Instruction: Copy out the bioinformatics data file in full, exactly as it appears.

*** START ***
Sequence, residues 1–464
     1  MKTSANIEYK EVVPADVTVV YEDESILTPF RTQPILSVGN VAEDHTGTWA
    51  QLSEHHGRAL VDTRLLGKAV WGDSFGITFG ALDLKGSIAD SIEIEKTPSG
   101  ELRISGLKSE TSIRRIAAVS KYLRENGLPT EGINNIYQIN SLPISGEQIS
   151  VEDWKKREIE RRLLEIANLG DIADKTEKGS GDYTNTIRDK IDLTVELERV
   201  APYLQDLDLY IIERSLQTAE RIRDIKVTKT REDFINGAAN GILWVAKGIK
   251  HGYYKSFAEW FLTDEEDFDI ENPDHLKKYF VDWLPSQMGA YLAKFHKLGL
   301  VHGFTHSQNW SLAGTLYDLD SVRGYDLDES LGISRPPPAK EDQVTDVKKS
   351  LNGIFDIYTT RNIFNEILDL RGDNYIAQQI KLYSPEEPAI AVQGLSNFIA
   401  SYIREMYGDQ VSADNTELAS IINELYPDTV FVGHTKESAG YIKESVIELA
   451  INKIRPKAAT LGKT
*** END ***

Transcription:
Sequence, residues 1–464
     1  MKTSANIEYK EVVPADVTVV YEDESILTPF RTQPILSVGN VAEDHTGTWA
    51  QLSEHHGRAL VDTRLLGKAV WGDSFGITFG ALDLKGSIAD SIEIEKTPSG
   101  ELRISGLKSE TSIRRIAAVS KYLRENGLPT EGINNIYQIN SLPISGEQIS
   151  VEDWKKREIE RRLLEIANLG DIADKTEKGS GDYTNTIRDK IDLTVELERV
   201  APYLQDLDLY IIERSLQTAE RIRDIKVTKT REDFINGAAN GILWVAKGIK
   251  HGYYKSFAEW FLTDEEDFDI ENPDHLKKYF VDWLPSQMGA YLAKFHKLGL
   301  VHGFTHSQNW SLAGTLYDLD SVRGYDLDES LGISRPPPAK EDQVTDVKKS
   351  LNGIFDIYTT RNIFNEILDL RGDNYIAQQI KLYSPEEPAI AVQGLSNFIA
   401  SYIREMYGDQ VSADNTELAS IINELYPDTV FVGHTKESAG YIKESVIELA
   451  INKIRPKAAT LGKT